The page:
Using film to teach a history lesson isn’t an uncommon practice. Still, there’s a difference between the hard R realism of a film like “Saving Private Ryan” and the young adult marketed and PG-13 rated “Pearl Harbor.” Director Michael Bay’s retelling of the December 1941 attack on the titular naval base had its moments of intensity. But focusing on a boring love triangle for younger audiences, rather than going for an honest war tragedy, felt like an insult to the historic event itself. Though a triumph at the box office, “Pearl Harbor” is far from the over-the-top, violent explosion fests Michael Bay is best known for.

#2: “Live Free or Die Hard” (2007)

This one might be one of the most successful entries on this list, with some calling this movie the best “Die Hard” since the original. Still, making a “Die Hard” movie PG-13 isn’t without drawbacks. The blood and violence the franchise is partly known for is tremendously toned down compared to previous entries. And while John McClane remains the king of badass one-liners, his signature motto is almost completely muted. That alone is pretty unforgivable. Probably best to stick with an R rating and let McClane do his thing unhindered and uncut. Then again… it’s not like an R rating saved “A Good Day to Die Hard.”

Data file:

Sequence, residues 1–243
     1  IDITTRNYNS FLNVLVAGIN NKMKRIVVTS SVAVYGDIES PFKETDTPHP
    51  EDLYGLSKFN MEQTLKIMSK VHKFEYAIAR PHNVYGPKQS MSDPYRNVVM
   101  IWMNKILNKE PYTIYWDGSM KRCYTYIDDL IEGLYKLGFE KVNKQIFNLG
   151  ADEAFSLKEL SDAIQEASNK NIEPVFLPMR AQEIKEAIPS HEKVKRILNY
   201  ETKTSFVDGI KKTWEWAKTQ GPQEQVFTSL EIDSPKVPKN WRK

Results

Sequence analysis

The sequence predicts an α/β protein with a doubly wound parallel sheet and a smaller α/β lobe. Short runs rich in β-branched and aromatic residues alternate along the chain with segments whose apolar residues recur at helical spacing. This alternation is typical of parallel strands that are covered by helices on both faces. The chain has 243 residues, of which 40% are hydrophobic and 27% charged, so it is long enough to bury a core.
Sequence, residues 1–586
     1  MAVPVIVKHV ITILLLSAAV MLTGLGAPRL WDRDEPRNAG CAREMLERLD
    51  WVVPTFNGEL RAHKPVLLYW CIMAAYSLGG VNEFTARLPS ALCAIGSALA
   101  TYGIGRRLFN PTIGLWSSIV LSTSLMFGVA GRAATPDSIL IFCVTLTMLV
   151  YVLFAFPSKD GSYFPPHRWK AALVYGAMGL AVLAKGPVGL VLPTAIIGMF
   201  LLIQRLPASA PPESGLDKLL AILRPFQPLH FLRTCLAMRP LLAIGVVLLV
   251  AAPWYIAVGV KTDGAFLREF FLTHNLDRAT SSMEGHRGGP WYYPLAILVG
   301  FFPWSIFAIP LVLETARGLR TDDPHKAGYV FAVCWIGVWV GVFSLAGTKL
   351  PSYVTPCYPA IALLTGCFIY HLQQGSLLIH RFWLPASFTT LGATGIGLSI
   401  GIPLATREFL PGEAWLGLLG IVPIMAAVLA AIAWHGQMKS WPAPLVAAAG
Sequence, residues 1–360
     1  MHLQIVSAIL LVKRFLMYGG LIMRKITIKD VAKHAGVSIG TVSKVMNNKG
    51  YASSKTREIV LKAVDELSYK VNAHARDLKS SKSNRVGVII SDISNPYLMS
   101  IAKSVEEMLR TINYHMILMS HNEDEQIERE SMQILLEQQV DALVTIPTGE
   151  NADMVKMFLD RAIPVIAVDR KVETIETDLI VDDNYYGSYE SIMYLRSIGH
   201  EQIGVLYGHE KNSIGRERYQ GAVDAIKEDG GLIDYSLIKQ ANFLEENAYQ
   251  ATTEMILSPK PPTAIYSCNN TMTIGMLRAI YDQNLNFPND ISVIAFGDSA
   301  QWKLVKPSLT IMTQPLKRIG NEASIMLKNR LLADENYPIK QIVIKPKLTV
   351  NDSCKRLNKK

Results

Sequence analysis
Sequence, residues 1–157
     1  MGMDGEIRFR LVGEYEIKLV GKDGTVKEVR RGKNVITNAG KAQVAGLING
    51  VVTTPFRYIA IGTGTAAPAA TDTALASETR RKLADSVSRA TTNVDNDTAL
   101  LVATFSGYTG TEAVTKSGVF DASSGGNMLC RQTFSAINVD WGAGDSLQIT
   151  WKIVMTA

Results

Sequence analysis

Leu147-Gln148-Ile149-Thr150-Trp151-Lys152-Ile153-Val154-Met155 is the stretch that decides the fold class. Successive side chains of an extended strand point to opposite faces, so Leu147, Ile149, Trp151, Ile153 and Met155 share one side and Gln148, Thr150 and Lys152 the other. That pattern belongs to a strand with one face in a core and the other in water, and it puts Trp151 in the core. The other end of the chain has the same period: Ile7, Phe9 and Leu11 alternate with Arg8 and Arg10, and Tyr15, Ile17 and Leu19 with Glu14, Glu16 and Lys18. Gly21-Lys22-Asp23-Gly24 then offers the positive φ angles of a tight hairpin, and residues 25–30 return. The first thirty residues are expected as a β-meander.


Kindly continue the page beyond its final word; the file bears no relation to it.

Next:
Before we reveal our top pick, here are a few honorable mentions:
“Alien vs. Predator” (2004) 
“Reign of Fire” (2002)
“Battle: Los Angeles” (2011) 
“Hanna” (2011)

#1: “World War Z” (2013)

A zombie outbreak that wreaks havoc on a global scale?  Like zombies desperate for brains, this is the kind of undead epic fans of the zombie genre have been clamoring for. And while “World War Z” boasts great scope and superstar Brad Pitt, it loses some of its intensity with the dialed down rating. The Romero-style carnage we find in most battles against the undead are nowhere to be seen in this Marc Forster-directed movie. While a fun film, “World War Z” could’ve been better if it had been given the chance to show those old school, gruesome zombie horror tropes on a worldwide stage. 
Do you agree with our list? Which movie do you think would have been stronger with an R rating? For more entertaining Top 10s published daily, be sure to subscribe to